Do I think I am a failure in people’s eyes because I am not pregnant yet?

What happens

Having roles that give you meaning are important to your mental and emotional health. You might be a best friend, a daughter, a student, a worker. The role you want though is to be a mother, and it is not happening. You can worry that you will never be a mother and question what this will mean to your sense of purpose and identity.

Questions to ask yourself

What roles do I have?

Do I worry about any of the roles I have?

How much do I worry that I may not have the role of ‘mother’?

What happens

When you are trying to get pregnant and it is not happening it is easy to think your body has failed you - it is not doing what it is supposed to. In addition, the effects of fertility treatment on your body can add to this sense of not being able to predict what your body will do. This uncertainty can be troubling.

Questions to ask yourself

How much do I worry about how I look?

How much do I worry about whether my body is failing me?

How much does fertility treatment make me feel my body no longer belongs to me and I can’t predict what it will do next?

What happens

If you experienced abuse, neglect or harm growing up or violence in your close relationships this can cause you to be vulnerable to worry. Any kind of abuse such as emotional, mental or physical can cause you to worry about dangerous or risky situations in different ways than others who have not had these experiences. You may react more strongly to criticism, worry that others do not like or value you and that your thoughts or feelings are not important.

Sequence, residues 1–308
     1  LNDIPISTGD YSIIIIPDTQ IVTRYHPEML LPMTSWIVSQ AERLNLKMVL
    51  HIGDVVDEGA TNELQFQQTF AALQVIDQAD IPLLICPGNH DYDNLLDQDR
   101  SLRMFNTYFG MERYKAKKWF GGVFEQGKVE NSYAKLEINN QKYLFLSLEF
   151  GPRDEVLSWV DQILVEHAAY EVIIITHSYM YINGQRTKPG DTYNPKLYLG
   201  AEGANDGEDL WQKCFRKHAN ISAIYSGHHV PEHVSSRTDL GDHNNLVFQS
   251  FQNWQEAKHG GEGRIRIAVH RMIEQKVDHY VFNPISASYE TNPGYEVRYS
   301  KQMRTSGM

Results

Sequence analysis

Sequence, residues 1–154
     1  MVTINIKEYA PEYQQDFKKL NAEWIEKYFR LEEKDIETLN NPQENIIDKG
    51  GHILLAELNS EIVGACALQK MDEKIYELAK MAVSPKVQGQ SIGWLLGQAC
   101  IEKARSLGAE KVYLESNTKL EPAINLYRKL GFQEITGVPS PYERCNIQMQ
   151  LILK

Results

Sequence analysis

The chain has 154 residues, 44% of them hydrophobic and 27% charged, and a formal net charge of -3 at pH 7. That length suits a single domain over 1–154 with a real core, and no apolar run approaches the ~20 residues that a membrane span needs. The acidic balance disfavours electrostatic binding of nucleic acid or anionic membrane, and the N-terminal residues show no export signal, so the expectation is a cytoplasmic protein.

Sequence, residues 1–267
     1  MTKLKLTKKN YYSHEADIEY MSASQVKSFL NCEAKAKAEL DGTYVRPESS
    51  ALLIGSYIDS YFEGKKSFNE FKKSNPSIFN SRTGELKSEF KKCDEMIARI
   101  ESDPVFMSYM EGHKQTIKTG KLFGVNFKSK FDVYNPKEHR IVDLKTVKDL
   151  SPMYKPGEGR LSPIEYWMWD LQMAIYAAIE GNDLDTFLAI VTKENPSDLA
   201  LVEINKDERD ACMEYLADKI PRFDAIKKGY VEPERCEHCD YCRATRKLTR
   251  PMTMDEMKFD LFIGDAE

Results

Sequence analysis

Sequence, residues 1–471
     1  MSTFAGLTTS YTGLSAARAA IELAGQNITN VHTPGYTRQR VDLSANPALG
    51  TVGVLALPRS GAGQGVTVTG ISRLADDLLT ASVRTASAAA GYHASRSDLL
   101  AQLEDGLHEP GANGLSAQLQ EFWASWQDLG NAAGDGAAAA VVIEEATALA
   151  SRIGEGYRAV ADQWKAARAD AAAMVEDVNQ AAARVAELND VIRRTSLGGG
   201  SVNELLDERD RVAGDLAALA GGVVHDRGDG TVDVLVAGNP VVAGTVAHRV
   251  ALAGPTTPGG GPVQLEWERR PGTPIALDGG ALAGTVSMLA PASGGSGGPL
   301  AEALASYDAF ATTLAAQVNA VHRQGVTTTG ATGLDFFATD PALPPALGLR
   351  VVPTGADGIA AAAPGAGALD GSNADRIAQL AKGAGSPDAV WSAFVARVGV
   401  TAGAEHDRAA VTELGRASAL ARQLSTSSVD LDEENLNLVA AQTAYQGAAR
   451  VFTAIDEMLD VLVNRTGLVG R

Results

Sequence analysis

Questions to ask yourself

Has abuse or harm or violence caused me to be more vulnerable to worry?

Social causes →
What happens

Problems with your family can include lots of things. It might be your relationship with your partner has changed with the stress of trying for a family – that all you both focus on is getting pregnant, you are unhappy and don’t feel as connected as you used to be. Other family members may be pregnant, or expect you to be pregnant by now. Parents may be putting pressure on you to make them grandparents. Everyone has their own agenda and you worry that your struggle with fertility is taking a toll on them and your relationship with them.

Questions to ask yourself

Are there family problems that cause me to be stressed and worried?

Have there been changes to my family that I am worried about? If so, what are these changes?

How much has my relationship changed with my:

  • Partner?
  • Parents?
  • Other family members like sisters or brothers, cousins…?
What happens

When you are trying to get pregnant, your relationship with your friends can change depending on what stage they are at in their lives. Some friends will understand what you are going through and be a support, and some will mean well but say all the wrong things making you worry even more. You may not have told your friends so they don’t know what you are going through.

Questions to ask yourself

Do I feel accepted by my friends?

Who accepts or does not accept me?

Which of my friends understand where I am at?

Are my friends at the same or a different stage in their lives to me?

Do my friends mean well but offer unhelpful advice?